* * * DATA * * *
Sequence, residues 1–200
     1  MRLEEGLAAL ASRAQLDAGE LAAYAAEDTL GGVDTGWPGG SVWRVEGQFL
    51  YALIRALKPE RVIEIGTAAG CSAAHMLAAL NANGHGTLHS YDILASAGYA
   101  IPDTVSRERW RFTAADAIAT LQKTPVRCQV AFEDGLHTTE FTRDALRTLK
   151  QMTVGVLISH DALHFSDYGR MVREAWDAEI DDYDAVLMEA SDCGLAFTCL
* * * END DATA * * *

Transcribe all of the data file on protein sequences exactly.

Sequence, residues 1–200
     1  MRLEEGLAAL ASRAQLDAGE LAAYAAEDTL GGVDTGWPGG SVWRVEGQFL
    51  YALIRALKPE RVIEIGTAAG CSAAHMLAAL NANGHGTLHS YDILASAGYA
   101  IPDTVSRERW RFTAADAIAT LQKTPVRCQV AFEDGLHTTE FTRDALRTLK
   151  QMTVGVLISH DALHFSDYGR MVREAWDAEI DDYDAVLMEA SDCGLAFTCL